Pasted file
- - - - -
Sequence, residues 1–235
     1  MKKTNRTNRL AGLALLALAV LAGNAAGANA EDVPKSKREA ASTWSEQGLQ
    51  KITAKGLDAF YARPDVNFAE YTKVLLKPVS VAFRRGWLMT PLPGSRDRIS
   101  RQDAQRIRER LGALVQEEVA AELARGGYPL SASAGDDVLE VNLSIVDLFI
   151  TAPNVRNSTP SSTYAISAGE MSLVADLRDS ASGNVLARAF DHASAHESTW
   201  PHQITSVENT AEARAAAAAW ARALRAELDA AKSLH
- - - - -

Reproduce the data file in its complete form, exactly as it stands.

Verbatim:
Sequence, residues 1–235
     1  MKKTNRTNRL AGLALLALAV LAGNAAGANA EDVPKSKREA ASTWSEQGLQ
    51  KITAKGLDAF YARPDVNFAE YTKVLLKPVS VAFRRGWLMT PLPGSRDRIS
   101  RQDAQRIRER LGALVQEEVA AELARGGYPL SASAGDDVLE VNLSIVDLFI
   151  TAPNVRNSTP SSTYAISAGE MSLVADLRDS ASGNVLARAF DHASAHESTW
   201  PHQITSVENT AEARAAAAAW ARALRAELDA AKSLH